The power of unlearning

An underrated virtue

Show me a man who can unlearn silly notions and I will show you somebody who has the capacity to make meaningful progress in learning. A collection of silly ideas deeply entrenched in the mind is the greatest hurdle to intellectual progress. Take an apparently innocuous opinion such as man being the best of God’s creation, or the belief that dark tea has a deleterious effect on one’s fair complexion. Try making anybody who holds these, or other such views, see their utter silliness, and ninety-nine times out of a hundred you will realize how utterly futile your effort has been.

Let me first address a question that may have reared its head in the mind of the reader: What difference can belief, howsoever silly, on such trivial matters possibly make? The answer to this is that the human mind is supposed to be one whole. More than the issue itself, it is how one reaches one’s conclusions that is important. You cannot be whimsical when it comes to some issues and logical on other matters. Thinking clearly and logically is a habit, not an arbitrary, case-by-case activity. If one is not careful to prune away silly thoughts on the apparently trivial matters, it is only a matter of time before one demonstrates a slipshod attitude towards the more serious issues as well.

Furthermore, reality itself must make a coherent picture in one’s mind if one is to place any new items (new knowledge) into the framework already there. If reality is a room, then your view of it is like a wall-to-wall carpet. If it is cut wrong in one corner, it may be made to fit there but will inevitably leave a gap or a bulge somewhere else. Since unscrutinised ideas constitute a large part of most everybody’s view of the world, getting rid of these preconceived notions is imperative if one is to make any contribution beyond regurgitating thoughts and ideas heard from random sources many of which one does not even recall. Until conscientious mental hygiene is practised and silly ideas are continuously got rid of, no real progress can be made in understanding. Unlearning, therefore, is an indispensable part of learning.

Purging the mind of silly ideas is easier said than done though. From the moment one opens one’s eyes as a baby till the time one dies, there is a relentless barrage of silliness flying around in all directions, some of which is bound to stick to the psyche. The result, if one is not constantly on the lookout for clutter, is an extremely unholy mixture of some sound ideas and a lot of nonsense.

Cherished and long-held views are notoriously difficult to abandon in favour of new ones. It is an unfortunate human trait to regard familiar ideas as reasonable no matter how silly they may be. Unfamiliar ideas on the other hand, no matter how sound they are, appear to make very little sense, especially when they are first encountered. The familiar beliefs imbibed at the knee of one’s parents are especially hard to reconsider objectively owing to all the emotions involved. Emotion (or passion) has great utility when it comes to being true to one’s principles in the face of adversity. But they have zero value when it comes to arriving at those principles. In fact, they are extremely detrimental to that process.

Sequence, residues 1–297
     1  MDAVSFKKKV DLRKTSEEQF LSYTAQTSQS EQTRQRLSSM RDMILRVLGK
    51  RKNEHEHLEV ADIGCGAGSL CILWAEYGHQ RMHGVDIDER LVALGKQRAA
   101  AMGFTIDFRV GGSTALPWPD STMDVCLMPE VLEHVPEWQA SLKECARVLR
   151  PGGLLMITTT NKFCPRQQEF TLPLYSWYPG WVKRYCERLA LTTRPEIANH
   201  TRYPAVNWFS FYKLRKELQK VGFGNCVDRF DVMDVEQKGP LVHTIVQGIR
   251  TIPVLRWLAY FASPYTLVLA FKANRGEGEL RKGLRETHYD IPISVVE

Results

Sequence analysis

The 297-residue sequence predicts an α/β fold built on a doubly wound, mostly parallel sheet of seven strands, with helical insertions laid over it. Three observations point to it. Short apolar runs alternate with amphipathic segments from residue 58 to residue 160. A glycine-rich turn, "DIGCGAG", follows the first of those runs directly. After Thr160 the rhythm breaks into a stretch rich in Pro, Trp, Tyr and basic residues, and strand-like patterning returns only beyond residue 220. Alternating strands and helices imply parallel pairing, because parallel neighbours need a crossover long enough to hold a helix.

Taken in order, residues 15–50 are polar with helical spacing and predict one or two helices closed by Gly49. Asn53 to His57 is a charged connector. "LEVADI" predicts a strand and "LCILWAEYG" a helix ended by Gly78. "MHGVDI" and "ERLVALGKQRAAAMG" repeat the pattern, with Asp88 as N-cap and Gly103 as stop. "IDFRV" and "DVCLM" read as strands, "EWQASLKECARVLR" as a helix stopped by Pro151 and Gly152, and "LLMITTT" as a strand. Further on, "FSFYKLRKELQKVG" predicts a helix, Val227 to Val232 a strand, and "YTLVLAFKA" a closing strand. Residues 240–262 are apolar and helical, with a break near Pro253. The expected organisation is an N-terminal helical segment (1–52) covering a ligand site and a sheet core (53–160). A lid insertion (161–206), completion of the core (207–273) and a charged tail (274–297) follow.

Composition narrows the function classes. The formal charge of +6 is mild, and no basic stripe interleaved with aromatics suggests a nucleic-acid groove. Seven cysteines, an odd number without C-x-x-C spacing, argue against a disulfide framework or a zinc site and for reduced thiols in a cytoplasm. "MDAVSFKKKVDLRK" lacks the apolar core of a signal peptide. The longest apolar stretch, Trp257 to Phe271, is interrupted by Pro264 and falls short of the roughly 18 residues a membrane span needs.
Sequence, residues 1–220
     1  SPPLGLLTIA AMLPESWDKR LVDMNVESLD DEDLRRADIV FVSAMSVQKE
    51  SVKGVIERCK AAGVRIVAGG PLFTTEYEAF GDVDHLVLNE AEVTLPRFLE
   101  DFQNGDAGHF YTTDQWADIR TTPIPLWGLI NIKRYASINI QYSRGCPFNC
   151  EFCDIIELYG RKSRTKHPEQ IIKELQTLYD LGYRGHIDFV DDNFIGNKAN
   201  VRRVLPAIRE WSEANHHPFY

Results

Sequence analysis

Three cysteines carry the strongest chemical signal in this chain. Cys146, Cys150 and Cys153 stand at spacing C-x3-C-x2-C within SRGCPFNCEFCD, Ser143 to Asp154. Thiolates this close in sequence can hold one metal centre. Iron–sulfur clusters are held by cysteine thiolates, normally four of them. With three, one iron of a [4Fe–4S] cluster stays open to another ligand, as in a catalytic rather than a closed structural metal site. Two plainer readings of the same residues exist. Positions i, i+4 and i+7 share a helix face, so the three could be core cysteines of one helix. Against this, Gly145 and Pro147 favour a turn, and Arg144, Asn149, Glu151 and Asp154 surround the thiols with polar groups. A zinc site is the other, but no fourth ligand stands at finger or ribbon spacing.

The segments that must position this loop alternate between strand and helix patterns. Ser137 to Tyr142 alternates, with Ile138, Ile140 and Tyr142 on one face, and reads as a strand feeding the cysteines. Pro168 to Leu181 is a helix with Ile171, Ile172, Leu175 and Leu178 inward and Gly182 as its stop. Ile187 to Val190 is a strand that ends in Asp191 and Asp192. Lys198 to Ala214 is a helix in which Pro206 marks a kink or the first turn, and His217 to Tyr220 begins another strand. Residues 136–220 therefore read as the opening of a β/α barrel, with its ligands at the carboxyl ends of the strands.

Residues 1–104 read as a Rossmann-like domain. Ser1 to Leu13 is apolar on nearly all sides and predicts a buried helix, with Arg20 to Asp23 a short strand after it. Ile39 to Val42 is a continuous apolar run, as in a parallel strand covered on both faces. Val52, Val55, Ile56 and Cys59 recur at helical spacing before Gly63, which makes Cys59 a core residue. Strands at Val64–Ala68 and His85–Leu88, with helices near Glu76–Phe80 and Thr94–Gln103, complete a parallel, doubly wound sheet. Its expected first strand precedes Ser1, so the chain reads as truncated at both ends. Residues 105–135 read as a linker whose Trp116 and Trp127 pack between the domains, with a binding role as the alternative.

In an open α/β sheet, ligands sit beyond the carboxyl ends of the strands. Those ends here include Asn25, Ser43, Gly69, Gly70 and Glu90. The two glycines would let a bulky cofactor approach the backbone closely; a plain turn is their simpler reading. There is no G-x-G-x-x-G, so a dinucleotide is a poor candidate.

Getting rid of the clutter everybody (to a lesser or greater degree) accumulates over the years, then, is no piece of cake. What makes it an even more onerous task is the fact that, notwithstanding the analogies frequently pressed into service, eyes and ears are no cameras or microphones. For what is already in the mind regulates what new data goes in. In other words, what one already believes on any given issue controls what fresh evidence is admitted into the thought process. This makes correcting the course even more difficult than it otherwise would be. This is not to say that the task is impossible; but it calls for relentless vigilance and a spirit of inflexible and life-long adherence to the truth.

There are two distinct domains of knowledge. When it comes to moral and philosophical questions, one must refer to the Quran for definitive answers. No traditional answer, politically correct view or urban legend matters if it is against the verdict of the Quran. If, on the other hand, it is a question about an empirical matter, it is science that will decide the issue. In neither case is there any room for folklore or old-wives’-tales. Returning to the ‘best of creation’ question, the Quran paints a very different picture to the myth generally believed. Regarding our second issue, according to science, drinking dark tea makes your skin no darker than eating blueberry yogurt makes it blue. We love our dear aunts and grandmas to death but their views on such subjects usually amount to little more than very charming baloney.

Hasan Aftab Saeed
Hasan Aftab Saeed
The author is a connoisseur of music, literature, and food (but not drinks). He can be reached at

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